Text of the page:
Malte Mueller/Getty Images

FCC fines major wireless carriers $200M for illegally selling customer location data

Two wireless providers said they plan to appeal the fine.

The Federal Communications Commission on Monday said it fined the largest U.S. wireless carriers $200 million on grounds that the companies sold their customers’ location data to third parties without consent while not taking steps to protect that info from security compromises.

The fines hit Sprint and T-Mobile — which merged in 2020 after the agency’s initial investigation began — some $12 million and $80 million, respectively, while AT&T and Verizon were respectively fined over $57 million and nearly $47 million.

The agency’s enforcement arm said the providers sold customer location info to data brokers, who then resold that packaged data to third-party service providers who use location information for profit-making purposes. The carriers circumvented their obligation to protect customer location data and broke rules that barred them from selling off that data without first getting permission from their users, the FCC said.

“This initial failure was compounded when, after becoming aware that their safeguards were ineffective, the carriers continued to sell access to location information without taking reasonable measures to protect it from unauthorized access,” the agency said in a statement.

Communications laws require wireless carriers to take steps aimed at protecting customer location data and other sensitive info. They are also required to confidentially withhold customer info from unauthorized providers unless customers consent to that data being sold or distributed.

The federal communications regulator kicked off its investigation after seeing reports of a Missouri sheriff using an inmate phone monitoring service to unknowingly track peoples’ cell phone locations. The fines were first proposed in 2020 under former agency Chairman Ajit Pai.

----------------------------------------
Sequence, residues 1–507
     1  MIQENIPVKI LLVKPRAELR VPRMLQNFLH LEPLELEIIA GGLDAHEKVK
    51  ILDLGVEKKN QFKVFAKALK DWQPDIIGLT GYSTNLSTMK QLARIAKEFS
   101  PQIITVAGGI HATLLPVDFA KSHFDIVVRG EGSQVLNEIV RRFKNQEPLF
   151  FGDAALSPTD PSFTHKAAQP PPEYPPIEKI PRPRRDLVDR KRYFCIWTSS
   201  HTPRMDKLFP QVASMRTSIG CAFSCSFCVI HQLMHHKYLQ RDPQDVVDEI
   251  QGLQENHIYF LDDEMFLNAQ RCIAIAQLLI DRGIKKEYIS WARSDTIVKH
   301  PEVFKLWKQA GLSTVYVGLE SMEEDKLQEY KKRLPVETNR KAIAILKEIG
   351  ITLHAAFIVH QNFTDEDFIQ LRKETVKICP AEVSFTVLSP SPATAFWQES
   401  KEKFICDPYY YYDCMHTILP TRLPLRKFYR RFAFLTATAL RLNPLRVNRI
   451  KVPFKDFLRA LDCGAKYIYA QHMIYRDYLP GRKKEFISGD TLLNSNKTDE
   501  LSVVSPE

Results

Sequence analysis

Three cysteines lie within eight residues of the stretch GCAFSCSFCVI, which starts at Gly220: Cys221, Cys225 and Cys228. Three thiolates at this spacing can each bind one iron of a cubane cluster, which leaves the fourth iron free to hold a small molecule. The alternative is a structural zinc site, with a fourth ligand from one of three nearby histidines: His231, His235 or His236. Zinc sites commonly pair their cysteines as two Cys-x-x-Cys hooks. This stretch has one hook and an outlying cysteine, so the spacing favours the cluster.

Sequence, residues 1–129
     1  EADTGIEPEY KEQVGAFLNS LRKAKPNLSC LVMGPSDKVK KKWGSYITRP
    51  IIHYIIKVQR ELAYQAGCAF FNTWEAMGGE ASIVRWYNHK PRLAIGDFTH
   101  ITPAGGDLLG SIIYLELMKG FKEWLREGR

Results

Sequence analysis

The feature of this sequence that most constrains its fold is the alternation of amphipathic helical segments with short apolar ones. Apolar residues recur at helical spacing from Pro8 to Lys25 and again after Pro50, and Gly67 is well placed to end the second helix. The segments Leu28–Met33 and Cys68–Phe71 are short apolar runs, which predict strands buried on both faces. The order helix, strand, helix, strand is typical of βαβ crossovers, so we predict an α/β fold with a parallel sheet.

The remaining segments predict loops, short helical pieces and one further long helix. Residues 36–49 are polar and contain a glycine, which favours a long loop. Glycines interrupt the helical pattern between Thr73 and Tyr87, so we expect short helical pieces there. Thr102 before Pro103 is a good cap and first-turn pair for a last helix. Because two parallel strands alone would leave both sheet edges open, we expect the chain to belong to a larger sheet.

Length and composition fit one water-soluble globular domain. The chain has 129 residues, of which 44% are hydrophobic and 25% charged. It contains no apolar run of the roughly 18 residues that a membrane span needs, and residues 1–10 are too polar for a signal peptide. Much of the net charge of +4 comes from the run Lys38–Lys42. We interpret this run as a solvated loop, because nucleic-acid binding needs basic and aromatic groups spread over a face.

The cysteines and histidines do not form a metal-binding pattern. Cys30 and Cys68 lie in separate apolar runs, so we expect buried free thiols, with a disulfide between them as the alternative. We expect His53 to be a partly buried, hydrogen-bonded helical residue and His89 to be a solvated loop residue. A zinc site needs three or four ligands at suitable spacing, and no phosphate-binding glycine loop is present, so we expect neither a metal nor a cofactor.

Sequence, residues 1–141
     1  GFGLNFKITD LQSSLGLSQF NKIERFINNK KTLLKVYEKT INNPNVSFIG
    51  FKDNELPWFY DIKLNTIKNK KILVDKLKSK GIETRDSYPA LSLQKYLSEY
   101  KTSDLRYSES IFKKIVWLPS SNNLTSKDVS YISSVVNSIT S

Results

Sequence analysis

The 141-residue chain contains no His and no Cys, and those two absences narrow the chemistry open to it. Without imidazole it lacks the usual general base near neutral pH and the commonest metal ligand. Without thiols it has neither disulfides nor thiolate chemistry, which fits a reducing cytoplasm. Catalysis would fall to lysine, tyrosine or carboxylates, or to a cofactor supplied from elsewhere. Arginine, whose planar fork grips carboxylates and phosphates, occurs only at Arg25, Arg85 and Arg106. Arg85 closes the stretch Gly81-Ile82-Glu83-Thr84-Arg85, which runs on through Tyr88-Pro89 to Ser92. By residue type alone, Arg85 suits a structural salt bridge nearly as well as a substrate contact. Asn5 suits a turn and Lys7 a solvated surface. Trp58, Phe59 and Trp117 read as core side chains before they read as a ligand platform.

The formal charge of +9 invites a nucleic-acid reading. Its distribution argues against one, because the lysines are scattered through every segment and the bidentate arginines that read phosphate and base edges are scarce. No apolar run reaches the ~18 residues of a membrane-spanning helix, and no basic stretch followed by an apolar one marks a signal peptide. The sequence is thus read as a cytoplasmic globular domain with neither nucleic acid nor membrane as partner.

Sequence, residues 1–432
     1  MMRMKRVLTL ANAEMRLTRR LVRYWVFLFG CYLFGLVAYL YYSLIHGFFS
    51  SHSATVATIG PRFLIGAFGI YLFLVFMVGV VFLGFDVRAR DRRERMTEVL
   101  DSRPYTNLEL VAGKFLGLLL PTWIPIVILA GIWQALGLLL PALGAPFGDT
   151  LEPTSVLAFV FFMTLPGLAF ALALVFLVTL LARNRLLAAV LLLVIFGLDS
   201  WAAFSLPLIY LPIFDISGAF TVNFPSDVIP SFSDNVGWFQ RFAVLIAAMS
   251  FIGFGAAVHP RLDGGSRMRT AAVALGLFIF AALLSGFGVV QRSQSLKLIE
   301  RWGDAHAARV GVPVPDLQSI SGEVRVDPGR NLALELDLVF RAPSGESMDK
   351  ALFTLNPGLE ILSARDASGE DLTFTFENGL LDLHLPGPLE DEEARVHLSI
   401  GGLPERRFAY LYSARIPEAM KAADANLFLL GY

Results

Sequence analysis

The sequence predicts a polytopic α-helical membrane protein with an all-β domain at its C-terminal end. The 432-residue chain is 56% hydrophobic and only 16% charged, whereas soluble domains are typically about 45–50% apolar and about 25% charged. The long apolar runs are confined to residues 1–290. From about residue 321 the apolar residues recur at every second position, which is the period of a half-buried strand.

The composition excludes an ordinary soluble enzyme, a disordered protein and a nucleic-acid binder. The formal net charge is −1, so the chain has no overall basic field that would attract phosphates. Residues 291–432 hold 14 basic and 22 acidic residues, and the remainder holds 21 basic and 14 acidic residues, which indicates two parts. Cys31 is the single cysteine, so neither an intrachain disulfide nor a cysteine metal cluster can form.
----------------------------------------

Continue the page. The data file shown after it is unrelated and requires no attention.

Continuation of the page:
AT&T and T-Mobile said they intend to appeal the decision.

“The FCC order lacks both legal and factual merit. It unfairly holds us responsible for another company’s violation of our contractual requirements to obtain consent, ignores the immediate steps we took to address that company’s failures, and perversely punishes us for supporting life-saving location services like emergency medical alerts and roadside assistance that the FCC itself previously encouraged,” an AT&T spokesperson told Nextgov/FCW.

“This industry-wide third-party aggregator location-based services program was discontinued more than five years ago after we took steps to ensure that critical services like roadside assistance, fraud protection and emergency response would not be disrupted,” T-Mobile said. “We take our responsibility to keep customer data secure very seriously and have always supported the FCC’s commitment to protecting consumers, but this decision is wrong, and the fine is excessive,” it added.

Verizon did not respond to a request for comment by publishing time.

The FCC has taken sweeping steps to harden telecom user data from unpermitted access. In March, it began requiring providers to notify authorities of a data breach within seven business days of discovery.

The agency’s recent restoration of net neutrality rules has been used as a basis to augment internet security because it would allow the agency to legally stamp out foreign broadband providers deemed national security risks.

The FCC recently asked major providers to provide an update on how they are refurbishing their networks to prevent spies and cybercriminals from exploiting wireless signaling protocols that could let bad actors track targets.